One of the most important union votes in decades is set to take place Wednesday at the Boeing plant in South Carolina.
A win for the Machinists union, which wants to represent nearly 3,000 workers at the new plant, would be a rare victory for labor in the South. Manufacturers have been drawn to the region because unions are much less common there than in the North.
That's why Boeing spent billions to open its newest plant in North Charleston. Its aim was to have a non-union facility.
The plant will get additional attention this week. President Donald Trump plans to visit the plant on Friday, White House spokesman Sean Spicer said Tuesday. Trump has clashed with Boeing on the cost of the new Air Force One. And his criticism of the Iran nuclear deal has placed an $8 billion sale of Boeing jets to Iran Air at risk.
But the Machinists, which represents most of the factory workers at Boeing, won the right to have a vote to unionize the South Carolina facility.
A win would give the union even more leverage over Boeing in talks, preventing it from continuing production of its 787 Dreamliner jet during a strike at unionized plants.
A union loss would further encourage other manufacturers to open union-free plants in the South.
A union win Wednesday "won't be a turnaround for their labor movement. But it'd be a major step forward," said Gary Chaison, professor of industrial relations and labor historian at Clark University. "Just having enough support to hold an election is a very big deal. I think most of the workers at the Boeing plant had a predisposition to vote against the union."
But Chaison said it's still an uphill fight -- about 40% to 50% of organizing votes fail, he said.
South Carolina has the lowest share of unionized workers of any state -- less than 2%.
When Boeing moved to open the South Carolina plant, the company said it wanted to assure customers of the 787 Dreamliner, which is built there, that strikes wouldn't upset its production schedule.
he union filed an unfair labor practice, seeking to shut the plant before it even opened in 2011. The Obama administration's labor board sided with the union, arguing that Boeing was trying to punish workers for past strikes by opening a non-union plant in South Carolina instead of Washington. Before the labor board made a final decision, the union and Boeing reached a deal and the union dropped its complaint.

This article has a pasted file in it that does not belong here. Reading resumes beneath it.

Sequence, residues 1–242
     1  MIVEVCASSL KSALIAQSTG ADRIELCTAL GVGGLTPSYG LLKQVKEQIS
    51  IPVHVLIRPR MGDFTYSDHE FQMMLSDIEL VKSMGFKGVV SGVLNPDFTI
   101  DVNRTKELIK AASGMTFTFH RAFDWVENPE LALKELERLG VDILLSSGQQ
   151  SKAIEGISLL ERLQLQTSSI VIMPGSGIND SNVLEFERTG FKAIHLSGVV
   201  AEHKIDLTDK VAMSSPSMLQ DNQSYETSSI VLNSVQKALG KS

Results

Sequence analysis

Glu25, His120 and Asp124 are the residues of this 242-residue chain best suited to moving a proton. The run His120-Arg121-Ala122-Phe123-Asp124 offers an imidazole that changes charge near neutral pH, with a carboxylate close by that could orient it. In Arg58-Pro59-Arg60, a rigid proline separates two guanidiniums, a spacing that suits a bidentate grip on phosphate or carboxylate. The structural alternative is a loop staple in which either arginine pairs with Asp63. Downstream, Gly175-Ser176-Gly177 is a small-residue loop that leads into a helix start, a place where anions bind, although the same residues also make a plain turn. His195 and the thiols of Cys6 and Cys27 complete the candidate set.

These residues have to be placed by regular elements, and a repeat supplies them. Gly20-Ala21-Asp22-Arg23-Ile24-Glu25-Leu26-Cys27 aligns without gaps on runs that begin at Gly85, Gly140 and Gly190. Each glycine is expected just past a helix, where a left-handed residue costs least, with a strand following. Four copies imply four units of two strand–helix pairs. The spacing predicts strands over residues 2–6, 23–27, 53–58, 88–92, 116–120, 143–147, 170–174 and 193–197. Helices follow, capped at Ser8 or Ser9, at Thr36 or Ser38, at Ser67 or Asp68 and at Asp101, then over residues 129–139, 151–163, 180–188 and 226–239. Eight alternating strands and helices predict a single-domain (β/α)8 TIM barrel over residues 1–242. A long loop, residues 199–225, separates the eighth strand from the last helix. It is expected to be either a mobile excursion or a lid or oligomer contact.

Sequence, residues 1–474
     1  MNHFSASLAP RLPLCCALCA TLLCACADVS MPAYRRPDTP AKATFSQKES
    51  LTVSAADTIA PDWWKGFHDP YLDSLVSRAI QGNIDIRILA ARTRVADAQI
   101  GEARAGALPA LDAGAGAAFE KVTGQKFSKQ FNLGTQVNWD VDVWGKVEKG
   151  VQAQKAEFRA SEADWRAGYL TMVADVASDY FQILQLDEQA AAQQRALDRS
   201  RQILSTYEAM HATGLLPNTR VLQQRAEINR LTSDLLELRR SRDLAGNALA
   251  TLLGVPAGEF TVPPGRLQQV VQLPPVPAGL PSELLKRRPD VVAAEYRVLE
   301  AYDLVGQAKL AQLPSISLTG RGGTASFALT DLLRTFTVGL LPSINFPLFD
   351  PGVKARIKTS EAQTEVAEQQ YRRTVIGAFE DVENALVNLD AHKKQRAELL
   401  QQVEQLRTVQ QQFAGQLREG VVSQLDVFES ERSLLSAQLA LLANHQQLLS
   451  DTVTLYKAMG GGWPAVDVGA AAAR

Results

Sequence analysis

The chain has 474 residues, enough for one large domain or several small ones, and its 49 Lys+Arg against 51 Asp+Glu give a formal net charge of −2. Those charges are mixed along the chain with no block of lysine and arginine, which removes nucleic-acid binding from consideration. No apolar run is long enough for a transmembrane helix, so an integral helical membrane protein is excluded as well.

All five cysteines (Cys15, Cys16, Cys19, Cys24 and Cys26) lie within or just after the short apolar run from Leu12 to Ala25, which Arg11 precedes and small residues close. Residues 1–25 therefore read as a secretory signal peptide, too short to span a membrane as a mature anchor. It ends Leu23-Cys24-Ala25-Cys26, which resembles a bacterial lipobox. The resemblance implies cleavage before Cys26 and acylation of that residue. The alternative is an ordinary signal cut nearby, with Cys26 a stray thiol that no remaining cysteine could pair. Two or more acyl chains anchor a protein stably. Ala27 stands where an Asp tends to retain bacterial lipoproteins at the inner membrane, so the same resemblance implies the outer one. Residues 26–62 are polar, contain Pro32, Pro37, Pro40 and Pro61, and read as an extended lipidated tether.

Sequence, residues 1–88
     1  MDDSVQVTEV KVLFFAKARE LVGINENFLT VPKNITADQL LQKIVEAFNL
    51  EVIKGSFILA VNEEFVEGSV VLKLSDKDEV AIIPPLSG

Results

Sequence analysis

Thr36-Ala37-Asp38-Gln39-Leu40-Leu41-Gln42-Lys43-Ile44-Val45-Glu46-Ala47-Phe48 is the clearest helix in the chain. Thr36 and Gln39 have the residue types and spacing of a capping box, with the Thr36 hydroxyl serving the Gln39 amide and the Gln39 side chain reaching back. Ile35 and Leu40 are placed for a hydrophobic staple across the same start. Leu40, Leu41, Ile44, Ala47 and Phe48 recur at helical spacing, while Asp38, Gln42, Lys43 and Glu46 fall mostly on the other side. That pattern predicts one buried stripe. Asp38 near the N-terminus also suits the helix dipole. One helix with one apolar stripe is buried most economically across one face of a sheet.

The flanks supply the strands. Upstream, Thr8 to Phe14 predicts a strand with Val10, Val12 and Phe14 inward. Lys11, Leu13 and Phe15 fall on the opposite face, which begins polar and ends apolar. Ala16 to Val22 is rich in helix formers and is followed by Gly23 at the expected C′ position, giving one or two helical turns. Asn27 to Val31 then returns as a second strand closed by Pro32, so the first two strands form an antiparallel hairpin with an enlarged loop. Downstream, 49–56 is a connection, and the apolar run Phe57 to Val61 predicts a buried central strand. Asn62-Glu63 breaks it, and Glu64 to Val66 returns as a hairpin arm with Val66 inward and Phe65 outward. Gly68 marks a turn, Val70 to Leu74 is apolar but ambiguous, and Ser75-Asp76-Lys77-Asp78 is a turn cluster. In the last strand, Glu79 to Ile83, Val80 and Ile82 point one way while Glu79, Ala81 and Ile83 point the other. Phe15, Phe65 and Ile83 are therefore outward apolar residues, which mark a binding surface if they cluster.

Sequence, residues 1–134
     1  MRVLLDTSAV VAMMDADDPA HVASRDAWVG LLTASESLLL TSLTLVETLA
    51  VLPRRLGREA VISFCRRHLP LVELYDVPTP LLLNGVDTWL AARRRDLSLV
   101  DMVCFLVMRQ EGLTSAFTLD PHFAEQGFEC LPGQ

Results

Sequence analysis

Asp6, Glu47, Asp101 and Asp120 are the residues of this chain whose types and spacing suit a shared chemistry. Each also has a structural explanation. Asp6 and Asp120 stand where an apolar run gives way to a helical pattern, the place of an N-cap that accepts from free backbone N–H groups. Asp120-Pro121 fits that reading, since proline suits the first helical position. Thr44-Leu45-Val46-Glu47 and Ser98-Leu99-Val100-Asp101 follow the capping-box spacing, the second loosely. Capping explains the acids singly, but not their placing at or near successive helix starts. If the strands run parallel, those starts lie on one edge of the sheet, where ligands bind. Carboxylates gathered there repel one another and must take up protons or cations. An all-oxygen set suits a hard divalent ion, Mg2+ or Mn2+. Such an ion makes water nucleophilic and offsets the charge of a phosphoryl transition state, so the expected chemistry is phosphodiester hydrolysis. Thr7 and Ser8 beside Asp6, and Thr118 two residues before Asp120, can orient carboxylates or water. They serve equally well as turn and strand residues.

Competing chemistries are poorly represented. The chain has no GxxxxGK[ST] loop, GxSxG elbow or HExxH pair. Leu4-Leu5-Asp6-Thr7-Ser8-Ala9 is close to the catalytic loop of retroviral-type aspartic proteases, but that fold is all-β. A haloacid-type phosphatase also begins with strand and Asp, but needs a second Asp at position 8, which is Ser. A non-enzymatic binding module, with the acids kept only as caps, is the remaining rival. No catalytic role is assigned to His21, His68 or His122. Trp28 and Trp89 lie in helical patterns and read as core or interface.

Now the fight is on again.
The South Carolina workers who want union representation say their unionized peers in Washington earn about $10 an hour more than they do. The top wage in Washington for the most common job category is $36 an hour, while it tops out at $22 an hour in South Carolina, according to Mike Evans, a union organizer.
"Do your children deserve as much as the children of Boeing children in Seattle?" said a union blog post to employees in South Carolina.
For its part, Boeing says pay scales are driven by wages in the local market, and that the South Carolina plant already pays better wages than a union-represented Boeing plant in Alabama. The company has warned workers they may be forced to go on strike against their wishes if the union comes in.
"The [Machinists union] has actively worked to prevent the success of Boeing South Carolina from the beginning of the operation here," the company said. "We have developed a culture of working together. This site doesn't have a union, and it doesn't need one."
Boeing has been cutting back on jobs -- employment in its commercial aircraft division is down about 8,000, or nearly 10%, in the last year. But many of those cuts have come from lines building narrow-body jets, not the 787.
The battle between Boeing and the union won't end with Wednesday's vote. If it loses, the union could try for another vote in a year. If it wins, it would then start trying to negotiate a contract with Boeing to cover the South Carolina workers. That would probably be a contentious process.
(Chris Isidore - CNN Money)